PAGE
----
The men of The Iliad are heterosexual to a fault. At worst, they’re on the down-low. They are enthusiastic about taking female sex slaves, and they seem to view rape as a healthy, liberating hobby. They are like goats on Viagra and bath salts. Their emotional behavior toward other men seems to stop at the bedroom door. Maybe it was the same with Sappho.
Platonic love is pretty much dead (whew) among modern American men, but it’s very much alive among women. Young women get together for sleepovers, do each other’s hair, lie in the same beds, and dance together in their underwear. Doesn’t make them lesbians.
So they claim.
Anyway, platonic love more than suffices to explain the things Sappho wrote.
Sappho says a number of clever things about human nature, but I don’t think that, by itself, makes her a genius. Human beings had been around for a very long time before she was born, and it doesn’t take a million years for us to size each other up. Being the first recorded person to say this or that doesn’t make you the first person to say it.
I will read up on her a little more, but I don’t think there’s that much to learn.
Currently, I’m reading The Odyssey, which is the story of Odysseus’ return from Troy. It was translated by Richmond Lattimore, the same guy who wrote the translation of The Iliad Columbia uses.
The Odyssey has two important virtues The Iliad lacks: 1) there is an actual story, and 2) it’s shorter.
The Iliad runs around 900 pages, and almost nothing happens. There is no structure whatsoever. Scholars pretend there is, but there isn’t. The Achaians do well against the Trojans. The Trojans get discouraged. The god start helping the Trojans. The Trojans do well against the Achaians. The Achaians get discouraged. The gods start helping the Achaians. Repeat this about fifty times, and you have The Iliad.
the Trojans lose. But the action stops abruptly before Brad Pitt gets shot in the foot.
The Odyssey is different in that things occasionally happen. It’s not an endless cycle of alternating favor. Odysseus gets captured by a nymph. He gets freed. He has adventures on the way home. When you read The Odyssey, you feel like you’re making progress.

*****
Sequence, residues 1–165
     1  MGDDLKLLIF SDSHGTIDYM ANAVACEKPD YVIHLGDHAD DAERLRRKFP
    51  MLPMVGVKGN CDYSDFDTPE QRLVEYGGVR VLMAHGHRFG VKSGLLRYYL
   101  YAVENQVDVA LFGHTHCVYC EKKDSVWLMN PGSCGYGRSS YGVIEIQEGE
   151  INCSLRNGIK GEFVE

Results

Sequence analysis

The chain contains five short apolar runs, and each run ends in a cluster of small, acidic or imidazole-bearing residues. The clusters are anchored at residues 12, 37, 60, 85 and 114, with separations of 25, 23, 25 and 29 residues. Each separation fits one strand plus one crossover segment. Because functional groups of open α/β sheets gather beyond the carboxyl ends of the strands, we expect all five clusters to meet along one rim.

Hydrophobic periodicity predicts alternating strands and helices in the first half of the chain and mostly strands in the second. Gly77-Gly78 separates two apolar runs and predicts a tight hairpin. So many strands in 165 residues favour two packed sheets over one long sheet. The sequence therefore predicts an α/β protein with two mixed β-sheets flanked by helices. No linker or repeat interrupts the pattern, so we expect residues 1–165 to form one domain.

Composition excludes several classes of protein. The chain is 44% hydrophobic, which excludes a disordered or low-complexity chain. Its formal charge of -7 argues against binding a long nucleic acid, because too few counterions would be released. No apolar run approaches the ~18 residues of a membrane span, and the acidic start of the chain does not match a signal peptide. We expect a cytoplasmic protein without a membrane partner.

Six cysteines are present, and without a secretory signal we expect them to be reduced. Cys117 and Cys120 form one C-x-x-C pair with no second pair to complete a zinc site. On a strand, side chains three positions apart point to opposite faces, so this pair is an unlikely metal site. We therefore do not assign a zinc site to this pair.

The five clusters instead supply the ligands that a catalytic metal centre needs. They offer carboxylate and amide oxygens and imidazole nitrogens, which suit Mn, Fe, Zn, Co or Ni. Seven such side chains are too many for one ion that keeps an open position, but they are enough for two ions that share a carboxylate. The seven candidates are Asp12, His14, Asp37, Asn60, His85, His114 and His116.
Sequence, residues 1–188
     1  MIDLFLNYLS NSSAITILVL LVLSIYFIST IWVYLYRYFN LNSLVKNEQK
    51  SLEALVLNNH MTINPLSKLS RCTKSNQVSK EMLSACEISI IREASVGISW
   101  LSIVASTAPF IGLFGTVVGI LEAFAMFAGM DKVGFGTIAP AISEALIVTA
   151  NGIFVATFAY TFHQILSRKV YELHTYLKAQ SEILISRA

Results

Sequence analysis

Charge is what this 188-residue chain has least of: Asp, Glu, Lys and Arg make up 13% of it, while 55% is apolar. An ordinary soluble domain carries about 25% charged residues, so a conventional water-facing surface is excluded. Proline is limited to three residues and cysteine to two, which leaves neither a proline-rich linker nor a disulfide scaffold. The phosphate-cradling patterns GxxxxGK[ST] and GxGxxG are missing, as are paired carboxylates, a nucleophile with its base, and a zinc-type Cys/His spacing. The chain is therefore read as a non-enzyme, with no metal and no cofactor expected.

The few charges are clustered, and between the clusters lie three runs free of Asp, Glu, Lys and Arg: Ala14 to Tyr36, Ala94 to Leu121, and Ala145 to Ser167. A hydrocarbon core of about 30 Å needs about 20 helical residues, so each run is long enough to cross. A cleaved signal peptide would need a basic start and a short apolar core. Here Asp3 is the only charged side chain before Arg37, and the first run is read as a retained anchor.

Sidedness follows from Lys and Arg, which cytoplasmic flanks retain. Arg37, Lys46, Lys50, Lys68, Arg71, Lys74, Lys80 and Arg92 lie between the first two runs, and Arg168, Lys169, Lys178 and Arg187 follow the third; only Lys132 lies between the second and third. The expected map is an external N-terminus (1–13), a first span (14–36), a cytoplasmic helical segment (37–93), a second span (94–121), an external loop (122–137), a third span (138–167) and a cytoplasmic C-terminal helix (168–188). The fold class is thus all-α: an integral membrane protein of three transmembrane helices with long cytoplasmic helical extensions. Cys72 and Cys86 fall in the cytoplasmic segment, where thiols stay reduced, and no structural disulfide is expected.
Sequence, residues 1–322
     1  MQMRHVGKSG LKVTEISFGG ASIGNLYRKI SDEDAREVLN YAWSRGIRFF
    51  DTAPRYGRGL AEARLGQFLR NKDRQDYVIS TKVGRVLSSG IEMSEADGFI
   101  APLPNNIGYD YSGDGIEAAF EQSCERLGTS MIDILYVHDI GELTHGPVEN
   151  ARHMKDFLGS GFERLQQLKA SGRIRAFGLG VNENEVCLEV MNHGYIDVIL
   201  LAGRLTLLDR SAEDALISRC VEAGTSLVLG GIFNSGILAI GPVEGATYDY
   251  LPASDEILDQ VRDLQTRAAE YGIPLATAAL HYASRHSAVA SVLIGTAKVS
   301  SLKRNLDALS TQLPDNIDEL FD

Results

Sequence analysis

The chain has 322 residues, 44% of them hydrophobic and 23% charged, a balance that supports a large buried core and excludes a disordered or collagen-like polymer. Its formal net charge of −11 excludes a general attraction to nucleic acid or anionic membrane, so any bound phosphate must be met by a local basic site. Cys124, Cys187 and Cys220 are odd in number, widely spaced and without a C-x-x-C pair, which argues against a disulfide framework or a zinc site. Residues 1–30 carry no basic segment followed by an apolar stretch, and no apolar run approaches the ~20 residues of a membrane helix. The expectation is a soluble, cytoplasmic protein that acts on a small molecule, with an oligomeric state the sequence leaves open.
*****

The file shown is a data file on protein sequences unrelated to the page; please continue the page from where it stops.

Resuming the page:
In the end , Odysseus wins. You have closure. Real closure, not the crappy kind you get in The Iliad, which ends with Hektor’s pincushiony, not-so-godlike body going home in a wagon. Even the coke-sniffers in Hollywood knew The Iliad needed punching up. That’s why they added the stuff about sacking Troy. If they had pulled the plug when Peter O’Toole got on the wagon, there would have been riots.
Here’s a theory which I would like to contribute to Iliad scholarship: The Iliad ends abruptly because the people who were subjected to Homer’s seemingly endless droning chose Hektor’s return as a good excuse to get up and leave. Or maybe they hit Homer in the head with a club at that point, to shut him up.
If anyone wants to offer me a university chair, I am open to negotiation. A chair may not be enough. I may hold out for an ottoman.
It will be hard to choose among the offers. Universities are clamoring to get conservative Christian professors who carry loaded pistols.
The next book in the syllabus is Genesis. I plan to skip that. I feel like I have that one under control. I’ve even read supplementary materials, such as Jubilees, Enoch, and The Modern Fundamentalist Fascist’s Guide to Homophobia, which I co-authored.
After that comes The Histories, by Herodotus. This book bears the distinction of having been not read by me in two different courses. I took an ancient history course in high school, and I’m pretty sure I avoided reading Herodotus, and then I almost certainly skipped it at Columbia.